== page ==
NFL: Five Backup Quarterbacks Who Could Start
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NFL teams are always looking for the next star quarterback. Since 1998, 12 of the 15 number one overall picks in the NFL Draft have been quarterbacks. They often become the face of a franchise and are thought to be the most important position on the field by many.
However, picking a quarterback is an inexact science. For every Peyton Manning (Indianapolis' No. 1 pick in 1998), there is a JaMarcus Russell (Oakland's No. 1 pick in 2007, who no longer plays in the NFL). Perhaps the perfect example of this is the Houston Texans.
In their first season as an expansion franchise, Houston selected David Carr out of Fresno State with the No. 1 overall pick, hoping that he would lead Houston's new franchise to greatness while keeping the team stable under center.
However, the Carr pick never worked out. The Texans toiled in mediocrity for years before they discovered that they didn't need the No. 1 overall pick to land their franchise quarterback. Matt Schaub, a talented passer who received little attention out of college (he was drafted by the Falcons in the third round), was sitting on the bench behind superstar Michael Vick for the Falcons.
Not every backup quarterback-turned-starter story is a success, but there are many diamonds in the rough that go undiscovered. Ahead is a list of five current backup quarterbacks who I believe can be starters in the NFL.
Yates has excelled as Matt Schaub's backup in Houston
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In the very limited amount in which we have seen Yates, there is no reason to think that he can't be an NFL quarterback. He entered a high-pressure scenario in which starter Matt Schaub and backup Matt Leinart went down with injuries last season, and he was very steady and under control for the most part in his first NFL action.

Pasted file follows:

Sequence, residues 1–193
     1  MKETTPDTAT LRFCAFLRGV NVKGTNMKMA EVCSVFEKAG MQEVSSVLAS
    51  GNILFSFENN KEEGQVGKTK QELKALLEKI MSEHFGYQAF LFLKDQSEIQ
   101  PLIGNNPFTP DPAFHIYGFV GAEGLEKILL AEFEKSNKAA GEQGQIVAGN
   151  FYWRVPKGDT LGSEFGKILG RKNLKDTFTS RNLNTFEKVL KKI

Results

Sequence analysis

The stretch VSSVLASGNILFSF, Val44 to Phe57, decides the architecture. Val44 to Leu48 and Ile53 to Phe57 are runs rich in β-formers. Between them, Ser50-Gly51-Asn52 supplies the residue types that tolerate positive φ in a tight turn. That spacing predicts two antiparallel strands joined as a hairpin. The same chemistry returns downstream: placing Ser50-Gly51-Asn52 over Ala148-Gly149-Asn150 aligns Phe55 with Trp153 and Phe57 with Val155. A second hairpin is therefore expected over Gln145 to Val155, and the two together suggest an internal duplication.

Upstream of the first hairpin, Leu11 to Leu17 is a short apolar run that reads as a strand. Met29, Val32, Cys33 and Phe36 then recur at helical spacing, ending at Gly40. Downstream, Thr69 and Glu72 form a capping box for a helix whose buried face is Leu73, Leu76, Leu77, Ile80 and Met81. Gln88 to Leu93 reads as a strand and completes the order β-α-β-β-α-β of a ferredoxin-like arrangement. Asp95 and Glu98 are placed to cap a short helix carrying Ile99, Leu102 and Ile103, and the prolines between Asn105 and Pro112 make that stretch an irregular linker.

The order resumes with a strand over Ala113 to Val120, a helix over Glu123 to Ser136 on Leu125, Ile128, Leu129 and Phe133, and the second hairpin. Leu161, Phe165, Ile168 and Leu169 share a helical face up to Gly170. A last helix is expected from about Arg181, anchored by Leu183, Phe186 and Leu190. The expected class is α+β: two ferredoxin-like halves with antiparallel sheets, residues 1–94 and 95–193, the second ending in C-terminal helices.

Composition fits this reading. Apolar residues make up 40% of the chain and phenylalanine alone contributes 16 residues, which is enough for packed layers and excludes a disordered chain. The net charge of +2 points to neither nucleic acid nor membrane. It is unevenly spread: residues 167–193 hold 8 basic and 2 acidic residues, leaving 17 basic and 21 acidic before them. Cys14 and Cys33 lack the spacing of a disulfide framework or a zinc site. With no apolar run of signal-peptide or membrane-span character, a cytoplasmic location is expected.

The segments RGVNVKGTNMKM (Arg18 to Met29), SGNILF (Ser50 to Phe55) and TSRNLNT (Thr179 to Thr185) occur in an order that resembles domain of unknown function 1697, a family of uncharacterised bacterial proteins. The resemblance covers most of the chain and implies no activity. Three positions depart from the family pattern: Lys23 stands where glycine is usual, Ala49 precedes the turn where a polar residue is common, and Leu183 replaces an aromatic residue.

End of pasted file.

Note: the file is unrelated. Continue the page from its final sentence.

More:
Yates completed 61.2 of his passes in his six games (four starts) last season, threw three touchdowns to three interceptions (two of them came in a loss to Carolina) and compiled an 80.2 quarterback rating.
Nothing he did was extraordinary, but the rookie out of North Carolina held his own and showed tremendous poise in a playoff race at the end of the season. Yates can make all the throws he needs to in the NFL, as evidenced by a 300-yard performance against the Bengals in just his second start.
He also led the Texans to a postseason victory against the Bengals and threw a touchdown and no interceptions while completing 55% of his passes before he fell apart in Baltimore in the second round.
Yates has not shown us that he can be a Pro Bowl quarterback, but with seasoning and experience, he hasn't shown us that he shouldn't be a starter, either.
Flynn was brought in this offseason to take over as Seattle's starting quarterback
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Matt Flynn is now a five-year veteran out of LSU after leading Les Miles's Tigers to the BCS National Championship in January of 2008. He hasn't had much in game action in the NFL, as he served as Aaron Rodgers's backup for the first four years of his career, but in the time he has played, he has impressed.